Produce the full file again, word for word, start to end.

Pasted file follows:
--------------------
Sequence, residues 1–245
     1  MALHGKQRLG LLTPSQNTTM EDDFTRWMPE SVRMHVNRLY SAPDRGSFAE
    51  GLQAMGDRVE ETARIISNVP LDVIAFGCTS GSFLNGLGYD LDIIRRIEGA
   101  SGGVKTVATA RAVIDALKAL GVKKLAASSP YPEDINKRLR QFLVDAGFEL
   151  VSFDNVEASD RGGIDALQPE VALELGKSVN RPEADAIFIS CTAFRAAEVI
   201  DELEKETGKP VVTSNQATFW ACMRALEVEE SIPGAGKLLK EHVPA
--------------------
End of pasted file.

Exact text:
Sequence, residues 1–245
     1  MALHGKQRLG LLTPSQNTTM EDDFTRWMPE SVRMHVNRLY SAPDRGSFAE
    51  GLQAMGDRVE ETARIISNVP LDVIAFGCTS GSFLNGLGYD LDIIRRIEGA
   101  SGGVKTVATA RAVIDALKAL GVKKLAASSP YPEDINKRLR QFLVDAGFEL
   151  VSFDNVEASD RGGIDALQPE VALELGKSVN RPEADAIFIS CTAFRAAEVI
   201  DELEKETGKP VVTSNQATFW ACMRALEVEE SIPGAGKLLK EHVPA